I’d like to do like you suggest, but how? As i said in previous posts when i try to deinstall the superfluous kernels with Yast it automatically activstes the default-version of the same kernel (or vice versa). Is there in Suse eventually something like the cleaning utility in debian?

I’d like to have my netbook as simple & quick as possible (not to be prompted on boot with a big quantity of options for example - rather zac . . . and go . . . :wink: ).

Oh - i’m on a Samsung N150 (Netbook), Suse 11.3 - Smeegol 1

Thanks in advance for any help and suggestion.

On 2010-12-19 09:06, Farinet wrote:

> I’d like to do like you suggest, but how? As i said in previous posts
> when i try to deinstall the superfluous kernels with Yast it
> automatically activstes the default-version of the same kernel (or vice
> versa). Is there in Suse eventually something like the cleaning utility
> in debian?

Let me see. You said you have this:

Code:

> kernel-default-2.6.34.7-0.5.1.i586 <==== remove
> kernel-desktop-2.6.34.7-0.5.1.i586 <==== leave
> kernel-default-devel-2.6.34.7-0.5.1.i586 <==== leave
> kernel-pae-2.6.34.7-0.5.1.i586 <==== remove
> kernel-firmware-20100617-2.2.noarch <==== leave
> kernel-desktop-devel-2.6.34.7-0.5.1.i586 <==== optional
> kernel-source-2.6.34.7-0.5.1.noarch <==== optional
> kernel-pae-devel-2.6.34.7-0.5.1.i586 <==== remove if possible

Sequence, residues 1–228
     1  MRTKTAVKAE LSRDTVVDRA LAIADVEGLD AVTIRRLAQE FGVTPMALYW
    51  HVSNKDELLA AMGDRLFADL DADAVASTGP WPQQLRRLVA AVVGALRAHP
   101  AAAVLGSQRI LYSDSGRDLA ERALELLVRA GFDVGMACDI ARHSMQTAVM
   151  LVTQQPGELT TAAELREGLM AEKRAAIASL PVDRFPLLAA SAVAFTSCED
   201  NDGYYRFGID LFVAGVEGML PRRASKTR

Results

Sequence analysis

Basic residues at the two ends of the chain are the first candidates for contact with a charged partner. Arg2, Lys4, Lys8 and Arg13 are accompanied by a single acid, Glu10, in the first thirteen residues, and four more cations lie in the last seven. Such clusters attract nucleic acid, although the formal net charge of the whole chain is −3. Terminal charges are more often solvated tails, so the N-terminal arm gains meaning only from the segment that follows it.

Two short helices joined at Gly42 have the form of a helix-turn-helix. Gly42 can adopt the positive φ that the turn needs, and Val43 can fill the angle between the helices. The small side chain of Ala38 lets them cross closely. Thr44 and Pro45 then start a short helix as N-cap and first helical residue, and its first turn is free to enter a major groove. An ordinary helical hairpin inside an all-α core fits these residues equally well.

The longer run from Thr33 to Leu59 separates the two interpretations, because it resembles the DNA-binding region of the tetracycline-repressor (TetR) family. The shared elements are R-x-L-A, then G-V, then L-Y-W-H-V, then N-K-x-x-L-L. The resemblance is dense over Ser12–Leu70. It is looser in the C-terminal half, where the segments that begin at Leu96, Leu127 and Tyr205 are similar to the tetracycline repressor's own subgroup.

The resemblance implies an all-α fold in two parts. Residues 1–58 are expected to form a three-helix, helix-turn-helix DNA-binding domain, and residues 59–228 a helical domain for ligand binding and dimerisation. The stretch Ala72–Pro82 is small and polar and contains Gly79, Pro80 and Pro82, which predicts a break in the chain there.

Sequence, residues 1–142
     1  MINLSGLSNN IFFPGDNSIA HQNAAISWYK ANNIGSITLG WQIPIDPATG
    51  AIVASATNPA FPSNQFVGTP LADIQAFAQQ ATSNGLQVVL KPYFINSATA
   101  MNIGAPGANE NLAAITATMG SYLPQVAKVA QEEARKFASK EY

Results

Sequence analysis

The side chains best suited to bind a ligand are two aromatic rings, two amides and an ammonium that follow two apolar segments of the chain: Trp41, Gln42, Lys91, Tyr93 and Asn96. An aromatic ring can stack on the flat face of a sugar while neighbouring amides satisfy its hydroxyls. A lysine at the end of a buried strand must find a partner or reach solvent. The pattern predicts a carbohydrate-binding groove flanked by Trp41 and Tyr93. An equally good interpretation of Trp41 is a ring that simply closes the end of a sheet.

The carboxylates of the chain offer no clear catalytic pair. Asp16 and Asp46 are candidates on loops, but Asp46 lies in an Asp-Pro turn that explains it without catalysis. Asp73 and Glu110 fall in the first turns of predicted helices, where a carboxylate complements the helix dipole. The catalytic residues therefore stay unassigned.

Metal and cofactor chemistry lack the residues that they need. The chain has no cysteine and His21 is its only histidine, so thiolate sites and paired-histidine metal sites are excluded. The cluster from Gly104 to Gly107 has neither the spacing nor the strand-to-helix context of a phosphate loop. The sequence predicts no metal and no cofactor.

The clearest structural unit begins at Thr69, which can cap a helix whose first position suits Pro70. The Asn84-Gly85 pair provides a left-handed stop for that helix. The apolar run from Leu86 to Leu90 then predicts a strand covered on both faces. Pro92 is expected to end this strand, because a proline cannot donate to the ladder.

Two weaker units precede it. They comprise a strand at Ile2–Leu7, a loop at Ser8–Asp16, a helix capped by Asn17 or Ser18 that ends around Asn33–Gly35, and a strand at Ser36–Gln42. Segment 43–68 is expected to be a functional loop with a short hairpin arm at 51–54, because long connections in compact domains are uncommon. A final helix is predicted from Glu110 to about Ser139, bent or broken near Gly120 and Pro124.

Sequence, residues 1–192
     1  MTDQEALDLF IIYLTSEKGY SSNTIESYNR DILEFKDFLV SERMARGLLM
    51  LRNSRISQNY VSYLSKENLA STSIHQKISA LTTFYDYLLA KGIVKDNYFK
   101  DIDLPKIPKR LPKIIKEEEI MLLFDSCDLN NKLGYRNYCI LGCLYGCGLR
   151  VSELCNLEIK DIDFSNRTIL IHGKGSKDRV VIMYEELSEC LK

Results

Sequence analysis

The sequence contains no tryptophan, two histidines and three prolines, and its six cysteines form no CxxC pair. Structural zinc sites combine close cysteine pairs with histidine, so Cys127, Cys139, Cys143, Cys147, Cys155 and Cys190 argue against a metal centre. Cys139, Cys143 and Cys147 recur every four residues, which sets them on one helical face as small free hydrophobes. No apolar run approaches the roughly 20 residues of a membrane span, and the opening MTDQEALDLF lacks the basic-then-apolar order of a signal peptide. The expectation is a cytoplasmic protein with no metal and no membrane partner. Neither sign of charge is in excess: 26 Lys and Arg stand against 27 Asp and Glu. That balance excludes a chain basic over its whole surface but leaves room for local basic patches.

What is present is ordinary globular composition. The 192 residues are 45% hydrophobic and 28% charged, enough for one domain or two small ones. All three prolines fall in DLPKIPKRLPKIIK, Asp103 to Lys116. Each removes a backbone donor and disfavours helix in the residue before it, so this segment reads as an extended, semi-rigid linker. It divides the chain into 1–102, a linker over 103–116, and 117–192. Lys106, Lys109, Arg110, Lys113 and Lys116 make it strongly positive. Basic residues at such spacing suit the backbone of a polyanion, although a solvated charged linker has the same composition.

> kernel-xen-devel-2.6.34.7-0.5.1.i586 <==== remove if possible
> kernel-devel-2.6.34.7-0.5.1.noarch <==== optional
> kernel-xen-2.6.34.7-0.5.1.i586 <==== remove if possible


Cheers / Saludos,

Carlos E. R.
(from 11.2 x86_64 “Emerald” at Telcontar)

Yes . . . But you didn’t get my problem (sorry, may be it wasn’t clear due to my english :wink: ):

When i try to uninstall (with Yast) let’s say kernel-default Yast automatically activates kernel-default-base - or vice versa. So, nothing really changes . . . And i’m asking if there is another way to uninstall superfluous kernels.

TIA

No certainly not an easy one

You want to remove kernel-default-base too.

On 2010-12-20 02:36, gogalthorp wrote:
>
> No certainly not an easy one
>
> You want to remove kernel-default-base too.

rpm command line.


Cheers / Saludos,

Carlos E. R.
(from 11.2 x86_64 “Emerald” at Telcontar)

Ok, i’ll try that way. I’m new to Suse (more used to “apt-get” :wink: but i presume there will be a manual on the commandline too . . . Thanks!

On 2010-12-20 13:06, Farinet wrote:
>
> Ok, i’ll try that way. I’m new to Suse (more used to “apt-get” :wink: but i
> presume there will be a manual on the commandline too . . . Thanks!

Yes, there is :wink:

Basically, it is “rpm --erase” probably with “–nodeps” if it complains.
You can give several rpms on the same line. However, if there are
dependencies issues, yast will try to fulfill them on the next run.

Another trick is to disable automatic dependency checks in yast, so that
you can click on all rpms you need to add/remove, and then click on checks
deps now at the end.


Cheers / Saludos,

Carlos E. R.
(from 11.2 x86_64 “Emerald” at Telcontar)

Unchecking the <Autocheck Dependencies> button in Yast did the job perfectly! Thanks a lot. :smiley:

Be sure to check it back the way it was now that You have uninstalled what You don’t need.

Best regards,
Greg

Thanks for that excellent advice (i didn’t do it without)!